Church columnist: Great themes of the Bible — The Holy Spirit

Published 12:00 am Saturday, July 4, 2015

In previous articles we have discussed the Godhead, or Trinity, showing that there are three persons in the Bible that have the divine nature.

They are one in the divine nature and, therefore, three distinct persons that are the one true and living God. We have also discussed in previous articles that Jesus, the son of God, is Himself God. He is the second person of the Godhead. He is our great God and savior (Titus 2:13).

There are very few in protestant denominationalism that deny this. Only very few of what we consider the cultic fringes of Christendom attempt to make a case against the deity of Christ. The church of Christ, neither a fringe cult nor a protestant denomination, fully acknowledges the deity of Christ and honors Him as both Lord and God (John 20:28).

In talking about the Godhead (Colossians 2:9), we recognize Father (Ephesians 1:3), Son (Hebrews 1:8), and Holy Spirit (Ephesians 4:3) as the three persons of the Godhead. In this article we’ll look more specifically at the Holy Spirit Himself. Of the three persons, He is probably the most misunderstood in both His person and His work.

Many, even among those who profess to believe in the Trinity, believe that the Holy Spirit is the expression of God’s power and not actually a distinct person from God the father or God the son. However, the Holy Spirit is referred to frequently in Scripture as having the traits of personhood.

The Holy Spirit is a “He” not an “it” (John 16:13-15). The Holy Spirit has mind (Romans 8:27), He knows (1 Corinthians 2:10, 11), He has volition (Acts 16:7), He has emotion (Romans 15:30), He speaks (1 Timothy 4:1). These traits of personhood show that the Holy Spirit is not merely the influence of God but a distinct person of the Godhead.

The Holy Spirit also possesses the attributes of Deity, showing Himself to be God. He is included with the father and the son (Matthew 3:16, 17; 28:19; John 15:26). He has the divine attribute of omniscience – all knowing. Paul says the spirit of God knows the mind of God (1 Corinthians 2:10, 11).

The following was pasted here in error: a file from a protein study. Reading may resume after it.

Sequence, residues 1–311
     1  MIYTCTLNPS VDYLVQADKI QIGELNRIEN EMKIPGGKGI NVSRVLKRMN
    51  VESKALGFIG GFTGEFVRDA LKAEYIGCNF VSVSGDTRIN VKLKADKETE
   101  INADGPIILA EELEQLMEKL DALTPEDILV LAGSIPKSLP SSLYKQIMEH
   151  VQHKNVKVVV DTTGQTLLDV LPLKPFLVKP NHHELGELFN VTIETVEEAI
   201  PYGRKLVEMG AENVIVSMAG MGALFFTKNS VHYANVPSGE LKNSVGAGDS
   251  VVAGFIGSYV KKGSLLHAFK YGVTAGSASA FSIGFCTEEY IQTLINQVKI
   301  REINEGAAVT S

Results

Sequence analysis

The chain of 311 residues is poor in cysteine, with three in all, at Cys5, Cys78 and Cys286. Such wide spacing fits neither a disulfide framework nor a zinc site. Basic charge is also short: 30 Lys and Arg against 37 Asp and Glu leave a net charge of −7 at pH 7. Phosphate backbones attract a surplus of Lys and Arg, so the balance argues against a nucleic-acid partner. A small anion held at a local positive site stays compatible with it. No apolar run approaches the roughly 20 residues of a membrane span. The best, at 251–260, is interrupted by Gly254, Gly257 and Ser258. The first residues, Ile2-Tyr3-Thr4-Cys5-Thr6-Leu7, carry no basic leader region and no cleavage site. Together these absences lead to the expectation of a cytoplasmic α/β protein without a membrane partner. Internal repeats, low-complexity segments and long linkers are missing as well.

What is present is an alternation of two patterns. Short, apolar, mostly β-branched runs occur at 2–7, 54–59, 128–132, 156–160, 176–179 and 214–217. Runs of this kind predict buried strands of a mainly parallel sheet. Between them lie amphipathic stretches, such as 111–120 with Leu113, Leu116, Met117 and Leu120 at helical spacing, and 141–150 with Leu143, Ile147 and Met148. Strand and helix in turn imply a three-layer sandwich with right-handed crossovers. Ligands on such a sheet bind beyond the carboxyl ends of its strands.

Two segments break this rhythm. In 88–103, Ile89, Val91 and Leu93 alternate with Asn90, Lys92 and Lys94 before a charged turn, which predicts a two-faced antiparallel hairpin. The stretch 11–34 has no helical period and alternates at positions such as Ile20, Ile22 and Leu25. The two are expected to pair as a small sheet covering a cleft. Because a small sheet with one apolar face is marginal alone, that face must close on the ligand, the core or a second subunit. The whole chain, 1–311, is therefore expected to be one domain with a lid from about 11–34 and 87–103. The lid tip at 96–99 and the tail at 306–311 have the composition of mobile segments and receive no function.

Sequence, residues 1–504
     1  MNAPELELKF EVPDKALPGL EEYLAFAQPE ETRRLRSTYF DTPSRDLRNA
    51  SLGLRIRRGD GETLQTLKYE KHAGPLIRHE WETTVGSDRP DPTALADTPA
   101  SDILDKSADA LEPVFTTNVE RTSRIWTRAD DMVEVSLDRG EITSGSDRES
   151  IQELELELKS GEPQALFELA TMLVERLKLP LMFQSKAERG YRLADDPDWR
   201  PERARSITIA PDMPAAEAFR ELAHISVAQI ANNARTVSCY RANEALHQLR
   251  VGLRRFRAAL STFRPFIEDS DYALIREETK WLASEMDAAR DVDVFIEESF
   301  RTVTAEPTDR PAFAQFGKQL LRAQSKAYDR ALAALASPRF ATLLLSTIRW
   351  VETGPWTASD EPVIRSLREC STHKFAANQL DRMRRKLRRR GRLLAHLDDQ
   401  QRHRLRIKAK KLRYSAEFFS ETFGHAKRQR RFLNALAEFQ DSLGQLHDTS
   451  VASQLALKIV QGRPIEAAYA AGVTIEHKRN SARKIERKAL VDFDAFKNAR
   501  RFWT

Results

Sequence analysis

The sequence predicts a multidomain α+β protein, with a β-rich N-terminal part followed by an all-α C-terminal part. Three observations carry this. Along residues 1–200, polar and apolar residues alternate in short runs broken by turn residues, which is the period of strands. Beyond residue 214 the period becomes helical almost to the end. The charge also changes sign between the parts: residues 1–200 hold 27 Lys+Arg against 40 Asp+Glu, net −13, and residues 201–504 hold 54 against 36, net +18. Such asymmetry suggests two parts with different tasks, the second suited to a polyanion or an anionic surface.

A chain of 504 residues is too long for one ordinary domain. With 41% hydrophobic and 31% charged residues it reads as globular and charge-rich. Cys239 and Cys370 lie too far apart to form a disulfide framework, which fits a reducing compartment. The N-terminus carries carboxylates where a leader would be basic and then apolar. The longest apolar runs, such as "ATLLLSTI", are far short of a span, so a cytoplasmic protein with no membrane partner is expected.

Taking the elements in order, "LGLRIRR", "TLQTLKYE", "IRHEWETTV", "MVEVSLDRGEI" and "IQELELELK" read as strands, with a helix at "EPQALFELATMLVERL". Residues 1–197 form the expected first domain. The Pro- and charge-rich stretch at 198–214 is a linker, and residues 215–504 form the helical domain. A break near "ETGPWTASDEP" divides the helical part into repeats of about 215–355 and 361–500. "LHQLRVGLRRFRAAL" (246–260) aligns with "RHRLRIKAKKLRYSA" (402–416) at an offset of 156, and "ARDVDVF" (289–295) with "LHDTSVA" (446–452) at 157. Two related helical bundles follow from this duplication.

The Hebrews writer says that the Holy Spirit is eternal (Hebrews 9:14). Only God is eternal so the Holy Spirit must be God. The Holy Spirit was active in creation (Genesis 1:1, 2; Job 26:13; 33:4), showing His omnipotence – all powerful (cf. Romans 1:20).

Peter explicitly stated that the Holy Spirit is God when he rebuked Ananias for his hypocritical deceit (Acts 5:3, 4). He asked Ananias why he had lied to the Holy Spirit and then said he had not lied to men but to God. When he lied to the Holy Spirit he lied to God! The Holy Spirit is God.

The greatest confusion over the Holy Spirit today is how He does His work today. There are many who believe that the Holy Spirit works in them in a miraculous way or that He talks to them and guides them in a very direct way. However, when we study the work of the Holy Spirit in scripture it is clear that the Holy Spirit works on the hearts of men by means of the word He inspired (2 Peter 1:21).

The Holy Spirit dwells in the hearts of men and works on the hearts of men the same way Christ dwells in believers. In Ephesians 3:17, Paul said that Christ dwells in our hearts “by faith.”

The same writer had previously written that “faith comes by hearing, and hearing by the word of God” (Romans 10:17). So, if faith comes by hearing the word of God and Christ dwells in my heart by faith, then Christ dwells in my heart by means of the word of God.

Christ referred to His dwelling in disciples and His word dwelling in disciples interchangeably because it is the same thing (John 15:4-7). The Father, likewise, dwells in the hearts of believers by means of the word of God. It is by faithfulness to the word of God, i.e. the doctrine of Christ, that God makes our hearts His home (John 14:23; 2 John 9-11).

It is no different for the Holy Spirit. Paul told the Ephesians to “be filled with the Spirit” (Ephesians 5:18, 19) and in a parallel statement to the Colossians he said to “let the word of Christ dwell in you richly” (Colossians 3:16). In the two passages, Paul is saying the exact same thing in different words.

It is the same thing to “be filled with the Spirit” as it is to “let the word of Christ dwell in you richly.” We are filled with the Spirit by means of filling our hearts with the word of Christ. The Father, Son and Holy Spirit are all three God and all three dwell in our hearts the exact same way, by means of the word of God.

A good illustration to demonstrate how the Holy Spirit operates on the hearts of men is found in Ephesians 6:17. The apostle Paul refers to the word of God as “the sword of the Spirit.”

The word of God is like a sword (Hebrews 4:12; Revelation 1:16) in the hand of the Holy Spirit. It is “the sword of the Spirit.” How does a swordsman influence, or operate, on his target? He cuts them with his sword!

“Now when they heard this, they were cut to the heart, and said to Peter and the rest of the apostles, ‘Men and brethren, what shall we do?’” (Acts 2:37).